Tumblr founder David Karp isn't impressed with how his Silicon Valley counterparts -- namely Apple and Facebook -- push an "engineer's mentality" on users that he says restricts creativity.
"We're coming out of a world, a digital world ... of HTML that could be anything," Karp said at the Wired Business Conference in New York City on Tuesday. "It's being squeezed into white Facebook pages and square photos."
Karp went after Facebook and other tech giants after the panel's moderator, Wired's Steven Levy, asked him about blogging service Tumblr's mission.
Tumblr focuses on "empowering creators," Karp said; that is, the company "puts the tools out into the world ... but we don't really prescribe how to use them." (Tumblr lets bloggers post video, photo, gifs and other forms of content.)
Bigger tech companies have lost that spirit, he said.
"Even Apple today isn't obsessed with the creative community," Karp said.
But his sharpest words went to Facebook, after Levy asked Karp if he thinks "Facebook's spirit constrains" users. He lamented Facebook's stark white update pages and Facebook-owned Instagram's square photo setup, as well as Vine's six-second videos.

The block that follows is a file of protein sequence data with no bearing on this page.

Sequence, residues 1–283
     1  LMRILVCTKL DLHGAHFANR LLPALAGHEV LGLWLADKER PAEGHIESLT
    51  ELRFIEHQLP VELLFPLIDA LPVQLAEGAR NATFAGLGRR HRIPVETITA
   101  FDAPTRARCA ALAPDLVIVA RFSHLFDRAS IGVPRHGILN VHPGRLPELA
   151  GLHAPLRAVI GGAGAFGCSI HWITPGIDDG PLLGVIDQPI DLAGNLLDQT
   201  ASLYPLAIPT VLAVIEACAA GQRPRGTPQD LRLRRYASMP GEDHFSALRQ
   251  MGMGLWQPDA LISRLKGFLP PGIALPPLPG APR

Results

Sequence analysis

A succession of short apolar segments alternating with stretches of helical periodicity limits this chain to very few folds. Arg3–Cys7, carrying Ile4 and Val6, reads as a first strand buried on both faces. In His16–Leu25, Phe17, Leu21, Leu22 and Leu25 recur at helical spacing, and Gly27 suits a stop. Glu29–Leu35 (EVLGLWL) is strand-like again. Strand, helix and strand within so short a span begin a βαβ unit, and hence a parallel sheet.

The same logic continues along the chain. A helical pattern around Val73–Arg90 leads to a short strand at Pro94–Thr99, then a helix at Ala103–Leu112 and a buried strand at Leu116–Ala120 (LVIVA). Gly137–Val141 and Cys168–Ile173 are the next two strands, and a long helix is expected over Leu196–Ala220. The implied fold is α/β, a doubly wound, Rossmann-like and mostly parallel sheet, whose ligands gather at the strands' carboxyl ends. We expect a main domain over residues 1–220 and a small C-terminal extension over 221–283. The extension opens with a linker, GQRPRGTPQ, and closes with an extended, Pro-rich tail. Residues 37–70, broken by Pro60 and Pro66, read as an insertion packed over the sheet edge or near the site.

Those constraints are part of an "engineer's mentality" in Silicon Valley that makes lovely clean websites, but restricts users' ability to create, he said.
Karp discussed the fall of MySpace, which offered an overwhelming number of customization options for its users' pages.
"A lot of the industry went the other way .. they said, 'let's abolish everything, let's give everyone the same beige page,'" Karp said.
Karp reserved kinder words for his new overlord: Yahoo, which acquired Tumblr last year for $1.1 billion.
Karp stressed that Tumblr's operations remain independent from Yahoo -- "we have our own team and our own office" -- and that Yahoo hasn't censored what his team is able to do. After all, he said, Yahoo CEO Marissa Mayer and the other company honchos have a lot to do at Yahoo itself.
"Tumblr is a small, small part of what the leadership team at Yahoo is focusing on today," he said.